The Marital Rape Exception Must Fall

Is the violation of a victim’s sexual autonomy by her husband qualitatively different enough from a violation by a stranger for it to be labelled differently or punished differently?

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There is one case where a man has no right to ask at all for sex since they are not in a marriage, but another case where he has a right sanctified with marital bond between them, he can expect reasonable sexual relations with partner…we are not recognising the difference if we are saying that they are at par.”

“If the legislature has thought that where parties are married and the only grievance of lady is that she was not willing, if the legislature felt such a case should not be categorised as rape, is it something which is so unconstitutional.”

“Can’t equate chalk and cheese.”

There is a clear thread running through the remarks made by Justice Shankar in the marital rape exception hearings – how should a legitimate expectation of ‘reasonable sexual relations’ in a marriage affect how we are to see, and punish, non-consensual sex within its bounds?

Senior advocates Rebecca John and Rajshekhar Rao have, in their responses, established that the right to sexual autonomy must prevail over this ‘legitimate expectation’, whether or not it be a legal right. Justice Shankar ostensibly agrees with this; he has clarified that his comments do not mean that non-consensual sex within marriage should not be an offence at all. Yet, he continues to insist that one cannot “close one’s eyes” to the qualitative difference between a marital and non-marital relationship.

To understand where Justice Shankar’s views seem to diverge, it might be appropriate to frame his inquiry more narrowly. Let us assume that the absolute nature of a woman’s sexual autonomy and her right to say ‘no’ is, in fact, common ground between the Bar and the Bench here (as it should be). Given that, Justice Shankar seems to be asking if the legitimate expectations in a marriage make what is undoubtedly a violation of sexual autonomy a less severe or a different violation from a violation outside marriage. As long as the law recognizes autonomy itself as an absolute right, is it unconstitutional to punish some violations of this absolute autonomy as something other than ‘rape’; perhaps as the law does at present, where a wife that has been sexually assaulted by her husband can still resort to filing a case for cruelty?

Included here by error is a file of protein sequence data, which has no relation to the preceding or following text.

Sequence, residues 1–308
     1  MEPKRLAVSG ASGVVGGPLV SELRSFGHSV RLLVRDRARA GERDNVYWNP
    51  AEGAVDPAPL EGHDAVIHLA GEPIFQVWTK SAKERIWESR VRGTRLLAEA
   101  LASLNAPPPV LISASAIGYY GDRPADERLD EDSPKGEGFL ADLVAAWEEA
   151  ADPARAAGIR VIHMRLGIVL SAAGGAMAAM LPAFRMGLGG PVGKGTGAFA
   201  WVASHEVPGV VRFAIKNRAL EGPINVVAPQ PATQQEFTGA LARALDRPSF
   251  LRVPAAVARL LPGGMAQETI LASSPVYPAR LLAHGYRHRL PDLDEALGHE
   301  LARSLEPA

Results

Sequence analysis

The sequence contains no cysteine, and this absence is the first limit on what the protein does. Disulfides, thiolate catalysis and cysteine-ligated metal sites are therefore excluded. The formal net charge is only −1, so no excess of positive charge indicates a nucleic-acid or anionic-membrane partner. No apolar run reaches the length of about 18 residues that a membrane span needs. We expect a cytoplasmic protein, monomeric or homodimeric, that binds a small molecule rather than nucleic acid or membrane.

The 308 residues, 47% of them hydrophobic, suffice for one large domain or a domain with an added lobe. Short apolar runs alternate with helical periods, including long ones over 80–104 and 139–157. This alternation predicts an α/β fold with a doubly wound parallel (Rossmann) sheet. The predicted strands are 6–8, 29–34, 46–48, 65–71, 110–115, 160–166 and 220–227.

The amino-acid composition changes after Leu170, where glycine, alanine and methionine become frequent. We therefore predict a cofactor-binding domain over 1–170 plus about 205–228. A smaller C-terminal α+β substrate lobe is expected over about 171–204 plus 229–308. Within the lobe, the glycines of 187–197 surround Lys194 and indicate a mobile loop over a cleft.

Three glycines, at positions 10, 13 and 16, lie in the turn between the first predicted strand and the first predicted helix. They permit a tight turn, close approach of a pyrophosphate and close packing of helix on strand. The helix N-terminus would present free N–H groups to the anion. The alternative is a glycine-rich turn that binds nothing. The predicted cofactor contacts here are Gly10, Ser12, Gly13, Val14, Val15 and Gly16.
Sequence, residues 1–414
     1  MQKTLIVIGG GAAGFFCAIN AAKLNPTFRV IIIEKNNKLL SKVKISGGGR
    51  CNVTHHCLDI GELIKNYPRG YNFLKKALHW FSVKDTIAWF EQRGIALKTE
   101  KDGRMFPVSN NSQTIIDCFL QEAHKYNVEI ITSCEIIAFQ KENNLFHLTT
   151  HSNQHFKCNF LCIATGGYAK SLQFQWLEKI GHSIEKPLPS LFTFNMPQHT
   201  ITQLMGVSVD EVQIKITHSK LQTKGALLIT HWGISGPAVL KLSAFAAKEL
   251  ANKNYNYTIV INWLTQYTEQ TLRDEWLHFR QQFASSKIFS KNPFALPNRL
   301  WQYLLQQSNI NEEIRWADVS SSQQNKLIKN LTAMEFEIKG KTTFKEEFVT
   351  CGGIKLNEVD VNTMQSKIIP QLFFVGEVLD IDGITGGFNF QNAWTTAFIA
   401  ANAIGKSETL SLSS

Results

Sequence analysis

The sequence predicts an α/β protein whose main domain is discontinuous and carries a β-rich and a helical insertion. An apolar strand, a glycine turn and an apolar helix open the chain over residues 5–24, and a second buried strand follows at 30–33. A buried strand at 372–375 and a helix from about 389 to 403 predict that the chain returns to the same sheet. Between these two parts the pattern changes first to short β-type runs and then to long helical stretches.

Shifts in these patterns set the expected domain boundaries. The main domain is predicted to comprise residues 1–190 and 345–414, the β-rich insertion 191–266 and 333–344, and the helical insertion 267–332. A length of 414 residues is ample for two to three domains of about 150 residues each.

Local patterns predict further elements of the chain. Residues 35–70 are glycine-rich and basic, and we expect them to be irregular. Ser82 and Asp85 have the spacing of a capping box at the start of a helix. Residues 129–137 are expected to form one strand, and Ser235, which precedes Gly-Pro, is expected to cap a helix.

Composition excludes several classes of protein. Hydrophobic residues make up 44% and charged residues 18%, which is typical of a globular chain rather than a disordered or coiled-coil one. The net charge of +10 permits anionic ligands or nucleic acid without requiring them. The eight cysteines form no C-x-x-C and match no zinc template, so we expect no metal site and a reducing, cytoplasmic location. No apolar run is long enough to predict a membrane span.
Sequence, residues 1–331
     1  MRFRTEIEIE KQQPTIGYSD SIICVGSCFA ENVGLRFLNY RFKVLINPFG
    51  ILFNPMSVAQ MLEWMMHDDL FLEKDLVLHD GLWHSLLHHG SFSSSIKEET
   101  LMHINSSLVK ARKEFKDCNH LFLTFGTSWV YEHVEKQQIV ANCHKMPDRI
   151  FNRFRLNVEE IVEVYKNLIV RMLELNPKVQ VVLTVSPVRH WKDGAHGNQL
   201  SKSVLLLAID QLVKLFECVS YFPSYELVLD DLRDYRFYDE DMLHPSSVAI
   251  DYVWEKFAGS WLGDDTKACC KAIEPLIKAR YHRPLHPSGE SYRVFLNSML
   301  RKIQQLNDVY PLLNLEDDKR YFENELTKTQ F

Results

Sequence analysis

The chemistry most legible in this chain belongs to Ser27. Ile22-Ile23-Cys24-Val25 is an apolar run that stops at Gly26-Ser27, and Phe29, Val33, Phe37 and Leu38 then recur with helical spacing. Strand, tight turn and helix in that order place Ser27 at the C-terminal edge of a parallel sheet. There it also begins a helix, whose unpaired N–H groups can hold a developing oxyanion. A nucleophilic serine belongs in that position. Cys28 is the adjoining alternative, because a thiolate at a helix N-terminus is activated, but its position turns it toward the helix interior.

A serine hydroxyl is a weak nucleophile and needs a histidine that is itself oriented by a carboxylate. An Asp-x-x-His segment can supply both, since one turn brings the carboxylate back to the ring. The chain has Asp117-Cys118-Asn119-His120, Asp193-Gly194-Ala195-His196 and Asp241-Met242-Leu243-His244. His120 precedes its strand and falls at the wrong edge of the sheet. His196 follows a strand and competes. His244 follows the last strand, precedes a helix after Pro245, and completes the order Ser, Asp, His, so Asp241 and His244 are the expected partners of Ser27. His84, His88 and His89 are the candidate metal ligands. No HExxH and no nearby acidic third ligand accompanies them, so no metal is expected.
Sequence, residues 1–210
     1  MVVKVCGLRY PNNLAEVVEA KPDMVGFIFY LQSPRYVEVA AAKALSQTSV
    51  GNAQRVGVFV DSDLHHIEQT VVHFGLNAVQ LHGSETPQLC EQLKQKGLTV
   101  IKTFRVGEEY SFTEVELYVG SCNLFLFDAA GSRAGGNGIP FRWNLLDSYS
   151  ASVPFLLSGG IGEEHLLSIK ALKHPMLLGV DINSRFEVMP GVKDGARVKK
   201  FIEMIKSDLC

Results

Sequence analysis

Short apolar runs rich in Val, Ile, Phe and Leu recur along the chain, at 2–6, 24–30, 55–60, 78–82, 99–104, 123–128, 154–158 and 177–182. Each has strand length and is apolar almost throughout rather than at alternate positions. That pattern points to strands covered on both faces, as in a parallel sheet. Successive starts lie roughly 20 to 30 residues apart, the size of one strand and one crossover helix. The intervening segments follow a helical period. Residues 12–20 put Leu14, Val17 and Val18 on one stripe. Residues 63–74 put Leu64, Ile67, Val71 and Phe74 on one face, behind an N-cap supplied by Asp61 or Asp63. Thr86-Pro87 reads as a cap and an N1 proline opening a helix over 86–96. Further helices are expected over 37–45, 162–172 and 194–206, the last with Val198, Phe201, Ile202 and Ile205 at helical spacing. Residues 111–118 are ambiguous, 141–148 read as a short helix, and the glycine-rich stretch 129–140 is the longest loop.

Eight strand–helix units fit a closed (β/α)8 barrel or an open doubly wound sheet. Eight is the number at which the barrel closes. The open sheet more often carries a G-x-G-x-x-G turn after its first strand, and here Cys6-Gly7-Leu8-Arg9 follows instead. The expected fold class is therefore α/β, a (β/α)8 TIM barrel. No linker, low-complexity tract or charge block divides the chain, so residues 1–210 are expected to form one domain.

To summarise – is the violation of a victim’s sexual autonomy by her husband qualitatively different enough from a violation by a stranger for it to be labelled differently or punished differently? The victim has an absolute right to say no, but can we treat differently these two violations of that absolute right? This, at its core, is an Article 14 issue of equal treatment.

Also read: Consent During Sex Should Always Be Legally Essential – Marriage or No Marriage

First, we must note it is not prima facie unconstitutional to treat different violations of sexual autonomy differently. For instance, sexual harassment, rape, and aggravated rape are all violations of sexual autonomy, and all are labelled and punished differently. This differential treatment is consistent with our understanding of sexual autonomy, and in no way dilutes its absolute nature. It is acceptable in law to recognise different degrees of violations of the same absolute right.